Bashoor was one of the first people Harland contacted as he set about seeing what he could do to restore his land. Harland and Bashoor had collaborated in the past developing a plan for the sustainable harvest of timber from the Sheep Creek Ranch.
He represents a new generation of foresters taking a more intensive approach to forest management that includes developing new techniques in response to the increased frequency of devastating forest fires. Those techniques include a deep analysis of terrain, soil, vegetation, climate, and wildlife down to individual sections of land.
“We’ve got a very deep and intimate connection with Montana ecosystems,” he explained of his consulting services. “We can provide input on what trees are supposed to be and where, taking the landowners objectives into account with our prescriptions. That way we know what’s going out here is going to stand the best chance of surviving.”
The general concept is that as the forests of the western United States are exposed hotter, longer, and more destructive wildland fire seasons they need to be managed more intensely. The goal is to use every tool available through the ever-expanding understanding of biological processes to develop forests that regenerate faster and are less susceptible to catastrophic fire.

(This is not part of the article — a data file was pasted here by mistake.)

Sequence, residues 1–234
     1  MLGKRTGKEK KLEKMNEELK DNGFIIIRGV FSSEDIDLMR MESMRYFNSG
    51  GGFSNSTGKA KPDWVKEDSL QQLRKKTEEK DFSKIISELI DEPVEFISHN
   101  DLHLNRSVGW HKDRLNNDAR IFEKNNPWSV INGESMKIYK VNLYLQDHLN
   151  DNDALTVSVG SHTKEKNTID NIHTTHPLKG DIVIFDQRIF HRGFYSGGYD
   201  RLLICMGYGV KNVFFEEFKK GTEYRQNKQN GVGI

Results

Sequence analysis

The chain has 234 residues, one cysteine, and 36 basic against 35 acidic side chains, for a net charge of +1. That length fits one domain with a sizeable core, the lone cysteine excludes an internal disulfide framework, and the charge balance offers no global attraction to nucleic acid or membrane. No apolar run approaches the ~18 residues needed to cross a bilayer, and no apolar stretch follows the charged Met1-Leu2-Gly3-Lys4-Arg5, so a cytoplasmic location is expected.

Bashoor referred Harland to MAST Reforestation, a company Bashoor had not worked with before but was developing a reputation for using drones, nurseries, and carbon offsets to revitalize land after wildfires, often at minimal cost to the property owner.
Up until that time MAST Reforestation was primarily dedicated to reforestation projects in California and Washington state, but was eager to expand its operations into Montana. After developing a working relationship with Bashoor and Harland, MAST, which draws its name from the botanical term for the fruits of forest trees and shrubs, accepted Sheep Creek Ranch reforestation project as its pilot project in the state.
“We’re a technology forward company managed by foresters, which is unique … all in support in helping landowners recover as quickly as possible,” Arnoud de Villegas, Vice-president of Development for MAST Reforestation, said. “The innovation we bring is in seed sourcing and processing, and then in developing new stock types and growing shorter rotation seedlings much faster to get that reforestation back in the ground as quickly as possible.”
“There really wasn’t anything for us until we met with MAST,” Harland said of his reforestation prospects immediately following the Harris Mountain Fire. “We’re the pilot project for them and it’s scary as hell. There’s a lot at risk for us and MAST, but it’s coming together. My dream burnt up, but we just keep moving forward and doing the best that we can.”
“The process began with an extensive mapping project,” explained de Villegas. “With that we were able to develop a sophisticated reforestation plan that took into consideration slope, aspect, soils, the availability of native seeded.”
To continue reading this article, please go here.